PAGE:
Federal Politics

Trudeau was “mugged by four thugs” in the dreadful English debate

Frank Graves, the pollster, wasted no time in rendering his verdict. Three minutes after the charade ended, Graves tweeted: “OMG, is it over? … It was a meaningless waste of time. Possibly the most vacuous and tedious debate in Canadian political history.”

Sorry, Frank, but aren’t you gilding the lily? That English-language debate on Thursday night was worse than that. It was ghastly, an embarrassment, an insult to the intelligence of Canadians, and a disservice to voters who hoped to learn something useful about the five leaders and the issues in next Monday’s election.

All of a sudden, it’s a cliff-hanger election with issues that need to be debated

The “election about nothing,” as it was called in the beginning, has turned into a cliff-hanger – a desperately close affair with voters asked to choose between competing approaches to fundamental issues and to the role of government in the years ahead.

The Conservatives under their new leader Erin O’Toole began five or six percentage points behind the Liberals in national polls, but they parlayed disapproval of Prime Minister Justin Trudeau’s calling of the snap election into a lead of four or more points in the early going.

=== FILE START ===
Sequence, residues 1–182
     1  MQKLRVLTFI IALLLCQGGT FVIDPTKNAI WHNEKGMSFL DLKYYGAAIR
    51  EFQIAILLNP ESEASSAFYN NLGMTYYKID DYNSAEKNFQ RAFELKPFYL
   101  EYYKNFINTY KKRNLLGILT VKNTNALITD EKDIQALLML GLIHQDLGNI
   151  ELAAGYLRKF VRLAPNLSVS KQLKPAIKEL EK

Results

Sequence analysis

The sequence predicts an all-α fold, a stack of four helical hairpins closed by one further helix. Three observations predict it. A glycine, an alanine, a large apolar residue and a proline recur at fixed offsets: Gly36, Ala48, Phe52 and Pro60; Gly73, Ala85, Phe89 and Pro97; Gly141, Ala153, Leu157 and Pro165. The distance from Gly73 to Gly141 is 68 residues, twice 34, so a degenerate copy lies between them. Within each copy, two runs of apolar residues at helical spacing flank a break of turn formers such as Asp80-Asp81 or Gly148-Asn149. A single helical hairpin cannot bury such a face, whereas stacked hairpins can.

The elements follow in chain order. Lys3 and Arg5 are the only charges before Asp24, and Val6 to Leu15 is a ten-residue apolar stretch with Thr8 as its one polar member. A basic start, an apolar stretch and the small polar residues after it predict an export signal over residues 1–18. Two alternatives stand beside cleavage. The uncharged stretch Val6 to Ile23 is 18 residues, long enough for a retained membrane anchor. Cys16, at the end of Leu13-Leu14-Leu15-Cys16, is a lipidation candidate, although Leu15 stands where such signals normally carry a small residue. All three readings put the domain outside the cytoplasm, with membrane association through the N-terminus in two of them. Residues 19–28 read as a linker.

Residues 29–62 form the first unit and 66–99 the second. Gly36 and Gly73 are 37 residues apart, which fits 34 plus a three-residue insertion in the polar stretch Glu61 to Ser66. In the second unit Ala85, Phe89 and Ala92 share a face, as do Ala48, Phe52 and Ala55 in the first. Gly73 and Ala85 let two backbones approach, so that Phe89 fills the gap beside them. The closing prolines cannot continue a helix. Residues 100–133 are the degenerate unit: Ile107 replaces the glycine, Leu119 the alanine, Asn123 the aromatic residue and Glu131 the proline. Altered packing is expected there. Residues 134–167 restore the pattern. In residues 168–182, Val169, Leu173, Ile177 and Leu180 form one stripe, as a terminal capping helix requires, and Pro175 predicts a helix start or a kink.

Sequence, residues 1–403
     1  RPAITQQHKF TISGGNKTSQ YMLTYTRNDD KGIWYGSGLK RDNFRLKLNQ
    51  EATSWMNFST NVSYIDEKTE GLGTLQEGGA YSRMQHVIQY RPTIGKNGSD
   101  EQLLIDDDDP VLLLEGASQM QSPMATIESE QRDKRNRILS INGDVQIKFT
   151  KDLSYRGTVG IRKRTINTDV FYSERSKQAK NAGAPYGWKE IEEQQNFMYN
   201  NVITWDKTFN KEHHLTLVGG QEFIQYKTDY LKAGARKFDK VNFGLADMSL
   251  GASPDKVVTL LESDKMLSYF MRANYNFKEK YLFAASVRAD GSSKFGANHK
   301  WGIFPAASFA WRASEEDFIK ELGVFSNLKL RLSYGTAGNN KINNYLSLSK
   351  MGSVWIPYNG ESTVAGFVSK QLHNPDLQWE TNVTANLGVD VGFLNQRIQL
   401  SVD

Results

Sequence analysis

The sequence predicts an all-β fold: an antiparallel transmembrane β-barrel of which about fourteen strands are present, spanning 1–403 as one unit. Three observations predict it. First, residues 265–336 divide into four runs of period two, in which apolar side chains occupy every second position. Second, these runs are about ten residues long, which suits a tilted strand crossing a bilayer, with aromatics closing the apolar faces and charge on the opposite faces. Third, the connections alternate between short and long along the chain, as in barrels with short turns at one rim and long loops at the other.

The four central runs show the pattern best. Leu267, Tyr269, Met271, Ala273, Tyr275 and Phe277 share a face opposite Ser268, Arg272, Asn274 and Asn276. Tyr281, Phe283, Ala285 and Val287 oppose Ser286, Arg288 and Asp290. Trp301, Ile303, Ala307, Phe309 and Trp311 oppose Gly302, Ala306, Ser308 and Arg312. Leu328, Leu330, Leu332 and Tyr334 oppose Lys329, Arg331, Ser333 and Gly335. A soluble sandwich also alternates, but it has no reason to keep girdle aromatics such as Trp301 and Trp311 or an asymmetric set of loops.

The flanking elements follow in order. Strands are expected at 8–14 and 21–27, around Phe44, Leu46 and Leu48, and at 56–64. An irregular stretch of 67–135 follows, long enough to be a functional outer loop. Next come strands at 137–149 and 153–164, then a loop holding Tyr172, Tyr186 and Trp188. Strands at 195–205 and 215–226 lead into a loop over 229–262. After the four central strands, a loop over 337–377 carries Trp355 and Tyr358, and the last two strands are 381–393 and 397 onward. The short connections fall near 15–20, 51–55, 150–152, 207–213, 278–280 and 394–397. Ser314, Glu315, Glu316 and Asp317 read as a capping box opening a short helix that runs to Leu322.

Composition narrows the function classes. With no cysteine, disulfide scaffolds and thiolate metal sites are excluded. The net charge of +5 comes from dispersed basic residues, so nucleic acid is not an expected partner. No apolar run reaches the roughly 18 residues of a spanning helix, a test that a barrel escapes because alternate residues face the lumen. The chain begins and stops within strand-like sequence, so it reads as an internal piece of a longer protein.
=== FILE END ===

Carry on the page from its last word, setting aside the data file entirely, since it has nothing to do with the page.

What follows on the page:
His dream of a majority having slipped away, Justin Trudeau faces a steep path to re-election

Justin Trudeau’s gamble in calling an election two years ahead of schedule in a bid to convert his Liberal minority government into a majority has blown up in his face.

Heading into the third week of the five-week campaign, his Liberals find themselves battling to hang onto enough seats to avoid being swept into opposition. They have dropped into second place into most public opinion polls. Seat projections, while still forecasting a Liberal plurality, suggest that a majority is almost certainly out of reach.

Bill Davis was a moderate reformer who made change work

William Grenville Davis, who died yesterday morning at the age of 92, was a key transitional figure in the political history of Ontario and Canada.

When “Brampton Billy,” as he was fondly known, became premier in 1971, his hometown was a rural town in the throes of becoming a city, his capital was still known as “Toronto the Good” – white, Anglo, heavily Protestant, and, to many newcomers, profoundly boring – and his country was still shedding the remnants of its colonial garments.